Weather forecasters on exoplanet GJ 1214b would have an easy job. Today’s forecast: cloudy. Tomorrow: overcast. Extended outlook: more clouds.
That’s the implication of a study led by researchers in the Department of Astronomy and Astrophysics at the University of Chicago who have definitively characterized the atmosphere of a super-Earth class planet orbiting another star for the first time.
The scrutinized planet, which is known as GJ 1214b, is classified as a super-Earth type planet because its mass is intermediate between those of Earth and Neptune. Recent searches for planets around other stars (“exoplanets”) have shown that super-Earths like GJ 1214b are among the most common type of planets in the Milky Way galaxy. Because no such planets exist in our Solar System, the physical nature of super-Earths is largely unknown.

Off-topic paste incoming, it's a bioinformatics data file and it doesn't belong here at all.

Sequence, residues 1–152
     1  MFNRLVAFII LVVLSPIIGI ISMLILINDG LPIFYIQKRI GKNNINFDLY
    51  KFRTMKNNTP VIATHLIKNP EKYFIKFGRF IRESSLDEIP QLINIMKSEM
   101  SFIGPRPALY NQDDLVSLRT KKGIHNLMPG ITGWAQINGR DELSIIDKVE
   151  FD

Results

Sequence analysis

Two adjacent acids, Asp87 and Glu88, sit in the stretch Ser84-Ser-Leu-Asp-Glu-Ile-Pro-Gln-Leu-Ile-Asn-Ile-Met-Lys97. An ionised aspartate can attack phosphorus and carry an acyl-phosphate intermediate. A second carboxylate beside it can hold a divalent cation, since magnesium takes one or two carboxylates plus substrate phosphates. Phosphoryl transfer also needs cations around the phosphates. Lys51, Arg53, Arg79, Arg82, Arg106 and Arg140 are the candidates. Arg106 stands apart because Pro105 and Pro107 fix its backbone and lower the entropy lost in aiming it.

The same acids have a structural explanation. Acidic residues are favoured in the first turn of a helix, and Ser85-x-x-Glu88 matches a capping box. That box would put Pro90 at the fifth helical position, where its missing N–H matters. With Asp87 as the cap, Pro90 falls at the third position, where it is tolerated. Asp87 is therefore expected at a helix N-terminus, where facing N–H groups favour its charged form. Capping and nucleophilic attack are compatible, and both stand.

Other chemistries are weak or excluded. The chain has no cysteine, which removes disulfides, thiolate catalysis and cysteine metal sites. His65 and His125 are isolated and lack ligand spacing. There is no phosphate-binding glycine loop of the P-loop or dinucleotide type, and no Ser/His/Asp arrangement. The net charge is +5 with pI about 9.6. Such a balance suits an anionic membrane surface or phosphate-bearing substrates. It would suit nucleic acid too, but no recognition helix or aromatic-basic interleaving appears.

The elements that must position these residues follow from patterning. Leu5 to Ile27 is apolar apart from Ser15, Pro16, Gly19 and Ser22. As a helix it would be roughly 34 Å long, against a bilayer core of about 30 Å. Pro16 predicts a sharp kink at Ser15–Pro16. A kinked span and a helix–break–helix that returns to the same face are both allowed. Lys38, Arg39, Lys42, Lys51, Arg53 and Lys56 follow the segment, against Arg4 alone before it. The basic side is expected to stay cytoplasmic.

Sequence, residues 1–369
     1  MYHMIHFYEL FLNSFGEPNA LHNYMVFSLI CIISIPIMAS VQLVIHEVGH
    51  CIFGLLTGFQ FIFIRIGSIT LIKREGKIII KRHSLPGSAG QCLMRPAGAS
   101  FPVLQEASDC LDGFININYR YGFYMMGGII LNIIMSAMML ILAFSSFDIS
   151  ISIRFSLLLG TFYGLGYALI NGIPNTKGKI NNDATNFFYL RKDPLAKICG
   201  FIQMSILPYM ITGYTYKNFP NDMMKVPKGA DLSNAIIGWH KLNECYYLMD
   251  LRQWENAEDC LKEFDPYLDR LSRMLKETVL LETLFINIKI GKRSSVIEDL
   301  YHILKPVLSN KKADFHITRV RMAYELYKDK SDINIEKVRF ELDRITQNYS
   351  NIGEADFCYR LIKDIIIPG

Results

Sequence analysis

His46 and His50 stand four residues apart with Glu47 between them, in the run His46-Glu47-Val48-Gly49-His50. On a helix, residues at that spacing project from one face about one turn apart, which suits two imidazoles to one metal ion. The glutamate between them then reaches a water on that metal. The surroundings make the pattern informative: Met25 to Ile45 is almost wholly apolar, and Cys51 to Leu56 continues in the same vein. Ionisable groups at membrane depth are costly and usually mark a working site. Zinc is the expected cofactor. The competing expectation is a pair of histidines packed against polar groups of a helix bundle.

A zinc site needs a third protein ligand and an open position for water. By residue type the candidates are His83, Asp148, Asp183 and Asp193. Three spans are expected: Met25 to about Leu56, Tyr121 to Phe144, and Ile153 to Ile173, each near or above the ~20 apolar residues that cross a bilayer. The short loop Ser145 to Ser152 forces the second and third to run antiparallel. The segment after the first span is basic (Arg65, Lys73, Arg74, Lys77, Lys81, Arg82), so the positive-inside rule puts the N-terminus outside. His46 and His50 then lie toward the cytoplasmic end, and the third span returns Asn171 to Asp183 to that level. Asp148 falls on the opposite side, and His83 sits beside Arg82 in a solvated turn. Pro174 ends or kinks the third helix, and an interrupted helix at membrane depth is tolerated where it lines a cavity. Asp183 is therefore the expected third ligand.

It’s pretty amazing that the Hubble telescope, which it should be remembered is 1980s technology, is being used to detect atmospheric features of a planet 40 light years away. Seeing exoplanets, planets around other stars, is profoundly difficult since they’re relative specks of reflected starlight which, from our perspective, is so close to their parent star that they might as well be part of it.
When I think about this, I get pretty excited about what we’ll learn when the James Webb telescope finally goes online. It’s capabilities will far surpass Hubble’s, enabling us to see exoplanets much better, to see the early universe much closer to the big bang, and who knows what other marvels that are beyond the resolution of Hubble.
- Cloudy Weather On Alien Super-Earth Revealed By Hubble Space Telescope (b4inmain.wordpress.com)
- Hubble reveals cloudy weather on alien world (scienceblog.com)
- The Real Space Oddities: Super-Earths and Jumbo Neptunes (science.time.com)
- Exoplanet weather forecast calls for clouds (futurity.org)